Advice and Consentby Senator Chuck Grassley
Posted on 2013-06-12
GRASSLEY. I listened to my colleague from Wyoming. He states it
very well. I have come to the floor for roughly the same reason, but I
don't know how many times you have to say it, because I think basically
what the Senator from Wyoming was saying, and what I want to say is it
is very difficult to reach agreements in the Senate. But when you reach
an agreement, particularly only if it involves two Senators but
particularly if they are leaders of the Senate, a person's word is his
bond. That bond ought to be kept--as far as I know, always kept. At
least that has been my relationship with fellow Senators. You say you
are going to do
something and you continue that until it is successful. So here we are,
no Senator has not kept their word yet, but we hear this threat. So I
come to the floor to give my comments on it.
At the beginning of this Congress, the majority and minority leaders reached an agreement as to how to proceed with rules changes. An agreement was reached. We agreed to two rule changes: One change to the standing rules and one to the standing order. Senate Republicans gave up certain rights and protections in those rules changes. That was the first part of the agreement. In exchange for these rules changes, the majority leader gave his word to Republican Senators he would not utilize what is called around here and around this town the ``nuclear option'' and not use it during this Congress.
Let me review the exact wording of that agreement as it is recorded for history in the Congressional Record. This year, on January 24, 2013, the following exchange took place in the Senate. Senator McConnell stated: Finally, I would confirm with the majority leader that the Senate would not consider other resolutions relating to any standing order or rules in this Congress unless they went through the regular order process? The majority leader replied: This is correct. Any other resolution related to Senate procedure would be subject to a regular order process, including consideration by the rules committee.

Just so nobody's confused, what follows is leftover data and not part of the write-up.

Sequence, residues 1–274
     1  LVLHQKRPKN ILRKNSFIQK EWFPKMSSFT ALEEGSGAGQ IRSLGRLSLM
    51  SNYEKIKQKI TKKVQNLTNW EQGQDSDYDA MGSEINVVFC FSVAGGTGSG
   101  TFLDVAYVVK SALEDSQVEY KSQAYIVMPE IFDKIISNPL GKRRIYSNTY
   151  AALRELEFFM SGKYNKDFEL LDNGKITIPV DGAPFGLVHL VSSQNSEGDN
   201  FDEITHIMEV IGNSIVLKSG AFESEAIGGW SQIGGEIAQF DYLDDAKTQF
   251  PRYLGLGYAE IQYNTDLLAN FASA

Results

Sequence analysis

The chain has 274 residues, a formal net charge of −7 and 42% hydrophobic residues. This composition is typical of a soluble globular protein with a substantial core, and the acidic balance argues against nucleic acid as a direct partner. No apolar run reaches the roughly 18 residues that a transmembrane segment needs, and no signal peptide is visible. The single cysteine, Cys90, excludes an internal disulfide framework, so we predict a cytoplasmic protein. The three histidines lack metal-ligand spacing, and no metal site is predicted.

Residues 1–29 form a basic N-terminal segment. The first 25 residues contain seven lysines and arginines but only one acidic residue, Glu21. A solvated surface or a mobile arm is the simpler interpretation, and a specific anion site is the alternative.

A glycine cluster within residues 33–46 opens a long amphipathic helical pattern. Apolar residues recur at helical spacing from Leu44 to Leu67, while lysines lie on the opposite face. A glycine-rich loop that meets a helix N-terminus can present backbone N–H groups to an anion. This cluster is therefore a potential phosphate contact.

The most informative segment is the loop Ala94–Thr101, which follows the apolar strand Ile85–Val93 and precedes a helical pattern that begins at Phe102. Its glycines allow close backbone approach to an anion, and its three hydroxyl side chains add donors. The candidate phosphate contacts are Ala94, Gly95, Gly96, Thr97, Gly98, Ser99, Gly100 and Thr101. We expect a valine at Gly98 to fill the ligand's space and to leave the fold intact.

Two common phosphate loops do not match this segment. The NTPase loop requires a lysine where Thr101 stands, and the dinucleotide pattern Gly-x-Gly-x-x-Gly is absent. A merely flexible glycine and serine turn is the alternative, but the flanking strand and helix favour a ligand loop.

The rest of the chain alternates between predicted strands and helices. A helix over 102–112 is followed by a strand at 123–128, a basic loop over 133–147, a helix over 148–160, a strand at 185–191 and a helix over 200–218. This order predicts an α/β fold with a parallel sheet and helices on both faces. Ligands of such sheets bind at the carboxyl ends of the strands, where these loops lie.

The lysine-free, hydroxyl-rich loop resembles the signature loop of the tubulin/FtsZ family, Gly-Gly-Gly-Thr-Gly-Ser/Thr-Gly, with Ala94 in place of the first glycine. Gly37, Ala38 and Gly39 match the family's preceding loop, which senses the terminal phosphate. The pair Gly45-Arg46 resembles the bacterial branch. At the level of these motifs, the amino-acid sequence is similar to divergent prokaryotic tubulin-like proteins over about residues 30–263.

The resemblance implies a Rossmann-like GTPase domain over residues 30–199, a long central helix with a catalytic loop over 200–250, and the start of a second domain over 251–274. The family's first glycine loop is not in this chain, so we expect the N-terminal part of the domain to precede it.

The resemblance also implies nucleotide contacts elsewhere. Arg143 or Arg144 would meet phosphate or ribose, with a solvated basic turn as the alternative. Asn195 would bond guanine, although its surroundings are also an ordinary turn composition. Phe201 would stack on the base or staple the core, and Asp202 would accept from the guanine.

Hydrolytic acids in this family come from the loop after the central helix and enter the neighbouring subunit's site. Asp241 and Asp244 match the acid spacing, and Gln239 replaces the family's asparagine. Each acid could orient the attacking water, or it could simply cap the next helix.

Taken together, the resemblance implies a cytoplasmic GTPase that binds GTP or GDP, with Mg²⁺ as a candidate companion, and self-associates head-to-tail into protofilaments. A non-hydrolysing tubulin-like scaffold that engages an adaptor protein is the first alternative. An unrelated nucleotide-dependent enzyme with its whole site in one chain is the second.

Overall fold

In fact, the majority leader gave his word at the beginning of the last Congress as well. He stated: The minority leader and I have discussed this issue on numerous occasions. I know that there is a strong interest in rules changes among many in my caucus. In fact, I would support many of these changes through regular order. But I agree that the proper way to change Senate rules is through the procedures established in those rules and I will oppose any effort in this Congress or the next to change the Senate rules other than through regular order.
Let me just say when a Senator reaches an agreement and gives his word that he will stick to that agreement, that should mean something around here. As far as I am concerned, it means something all the time. I don't think I have been subject to entering an agreement with a colleague that hasn't been kept.